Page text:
Inside Dallas’ tiny 10-seat restaurant, Tatsu

Nothing about Tatsu, a new omakase restaurant in Dallas, is any secret. But everything about it feels like it should be.

Master sushi chef Tatsuya Sekiguchi prepares sushi at Tatsu’s in Deep Ellum the week before the restaurant opens. Diners can get reservations now and the dining room opens May 25, 2022.(Elias Valverde II / Personal photographer)

This small Deep Ellum restaurant has no menu and does not allow tipping. It’s a surprisingly trendy spot tucked away in one of Dallas’ oldest commercial structures, the Continental Gin Building, which dates back to 1888. This brand new but very old building can only accommodate 10 people at a time.

Its sushi chef and namesake, Tatsuya Sekiguchi, could have built a bigger sushi bar and packed more people each night. But he never would have.

“We don’t want it to be flashy or trendy,” says restaurant owner Matthew Ciccone. Maybe he blushed when we listed Tatsu as one of Dallas-Fort Worth’s most exciting restaurants of the year.

“This will be Tatsu’s house,” Ciccone said. “And there is only one Tatsu.”

Meaning: There can only be one dining hall serving food.

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Thanks to Ciccone’s persistence, Chef Sekiguchi and his wife Hiroko Sekiguchi left New York in the midst of the pandemic and moved to Dallas. Sekiguchi is a fourth-generation sushi chef who most recently worked at the Michelin-starred Sushi Yasuda restaurant. Ciccone loved this restaurant.

Their new Dallas restaurant, which will open May 25, 2022, brings elements of the chef’s New York restaurant to Ciccone’s home state of Texas. And it’s Sekiguchi’s next effort to bring a Michelin-level restaurant to unprecedented heights. (Michelin doesn’t publish a guide in Texas. Not yet, anyway.)

“We hope to be one of the pioneering restaurants to bring Michelin to Texas,” Ciccone said.

Chef Tatsuya Sekiguchi, who goes by the name Tatsu, moved to Dallas from New York.  He was raised...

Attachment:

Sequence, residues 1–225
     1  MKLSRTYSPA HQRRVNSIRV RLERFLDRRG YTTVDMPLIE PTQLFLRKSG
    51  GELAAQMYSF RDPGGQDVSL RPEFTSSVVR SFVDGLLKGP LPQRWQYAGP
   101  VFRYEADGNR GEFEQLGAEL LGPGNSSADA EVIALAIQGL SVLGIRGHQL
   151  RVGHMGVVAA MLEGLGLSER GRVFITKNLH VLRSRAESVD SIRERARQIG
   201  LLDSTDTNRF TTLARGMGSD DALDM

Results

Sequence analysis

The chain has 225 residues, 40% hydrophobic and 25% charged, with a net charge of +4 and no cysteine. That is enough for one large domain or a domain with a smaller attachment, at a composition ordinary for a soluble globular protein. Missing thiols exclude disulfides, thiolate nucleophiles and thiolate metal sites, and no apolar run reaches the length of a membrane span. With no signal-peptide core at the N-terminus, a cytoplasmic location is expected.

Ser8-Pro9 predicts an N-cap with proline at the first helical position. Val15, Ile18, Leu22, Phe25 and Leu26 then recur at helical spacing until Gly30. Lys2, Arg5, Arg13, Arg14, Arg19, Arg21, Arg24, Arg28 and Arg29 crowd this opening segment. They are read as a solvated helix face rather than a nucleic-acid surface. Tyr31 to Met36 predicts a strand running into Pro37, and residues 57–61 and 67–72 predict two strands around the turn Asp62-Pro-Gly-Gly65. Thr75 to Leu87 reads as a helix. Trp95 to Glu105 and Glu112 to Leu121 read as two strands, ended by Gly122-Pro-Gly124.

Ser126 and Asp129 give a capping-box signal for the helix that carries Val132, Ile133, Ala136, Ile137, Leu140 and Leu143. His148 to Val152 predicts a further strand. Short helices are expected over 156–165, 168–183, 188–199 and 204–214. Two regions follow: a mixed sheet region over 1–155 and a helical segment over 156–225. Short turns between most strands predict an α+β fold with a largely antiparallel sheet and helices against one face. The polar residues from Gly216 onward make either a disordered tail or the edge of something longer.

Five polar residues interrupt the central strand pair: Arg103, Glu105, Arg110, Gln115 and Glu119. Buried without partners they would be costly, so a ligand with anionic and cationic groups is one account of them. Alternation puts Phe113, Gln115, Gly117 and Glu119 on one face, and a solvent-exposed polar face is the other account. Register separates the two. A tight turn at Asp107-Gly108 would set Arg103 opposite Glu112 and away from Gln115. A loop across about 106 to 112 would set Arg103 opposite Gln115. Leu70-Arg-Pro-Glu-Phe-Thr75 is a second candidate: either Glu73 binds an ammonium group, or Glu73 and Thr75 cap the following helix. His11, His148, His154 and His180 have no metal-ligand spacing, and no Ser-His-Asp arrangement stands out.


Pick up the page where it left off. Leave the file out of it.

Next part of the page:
Chef Tatsuya Sekiguchi, who goes by the name Tatsu, moved to Dallas from New York. He grew up in Japan and is the fourth generation sushi chef in his family.(Elias Valverde II / Personal photographer)

The owner and chef are quietly confident that Tatsu’s omakase experience will serve sustainable fish in an elegant setting that is all about reverence and respect for food.

Ciccone balks at today’s “as you like” fast food model – places that operate unsustainably and are driven by low prices rather than quality products. Rather than “do it your way,” Ciccone says, “let’s go back to the old way.”

Chef Sekiguchi’s style of sushi preparation is called edomae and uses 200-year-old techniques for preserving fish.

Tatsu's living room (not pictured) is delicately decorated by owner Matthew Ciccone's wife...
Tatsu’s living room (not pictured) is delicately decorated by Stephanie Ciccone, wife of owner Matthew Ciccone, through her design studio Boulevard Interiors. The dining room (pictured) is more subdued, which emphasizes the food. (Elias Valverde II / Personal photographer)

Ciccone is a plant eater who almost never indulges in raw fish prepared by Sekiguchi. Ciccone is obsessed with sustainable eating and proper portions and says Tatsu can deliver both. Thus, twice a year, he will allow himself to enjoy Sekiguchi’s food for a special occasion.

“No, probably once,” he corrects himself.

It’s true: the owner of this Japanese restaurant will only eat here once this year, when it opens.

Diners should expect around 18 dishes, mostly raw fish, prepared right in front of them by Sekiguchi and assistant chef Jon Griffiths. They bought a special freezer just for tuna. Ciccone ordered it in the middle of the pandemic, after a hospital didn’t need it to keep its COVID-19 vaccines cool.

Dinner is $170 per person and an 18% service charge is added to each bill. Reservations are for one of two dinner shifts, at 5:30 p.m. or 7:45 p.m., and the meal is expected to last 1 hour and 45 minutes.

This is the second restaurant in Dallas that serves omakase in a tiny dining room. Unaffiliated restaurant Shoyo opened in East Dallas in 2021.

At a special tasting in July 2021, sushi chef Tatsuya Sekiguchi served some of the food he...
At a special tasting in July 2021, sushi chef Tatsuya Sekiguchi served some of the food he would prepare when his restaurant Tatsu opened the following year. This restaurant, in Deep Ellum, is now ready for a quiet and confident start.(Ben Torres / Special Contributor)

Getting to Tatsu also feels a bit secretive: there’s no valet parking — a rarity in Dallas — because the Continental Gin Building has a large parking lot out front, just off Elm Street. Diners will find Tatsu on one side of the building, with the front door leading to an artwork of an original wooden door from 1888 that has been tagged with street art.

Past this small vestibule is a lounge, then two rooms with sushi bars. They won’t be used at the same time because, again: “There is only one Tatsu.”

And should we share the toilet secret? They have Toto toilets in there, a (expensive) way to prove that this restaurant cares about its customers, wherever they are seated.

It already looks like Tatsu is becoming Dallas’ most low-key upscale restaurant.

Tatsu is at 3309 Elm St., Dallas, on the first floor of the Continental Gin Building. Reservations are required via Tock and payment is collected in advance. The restaurant opens on May 25, 2022.

For more food news, follow Sarah Blaskovich on Twitter at @sblaskovich.

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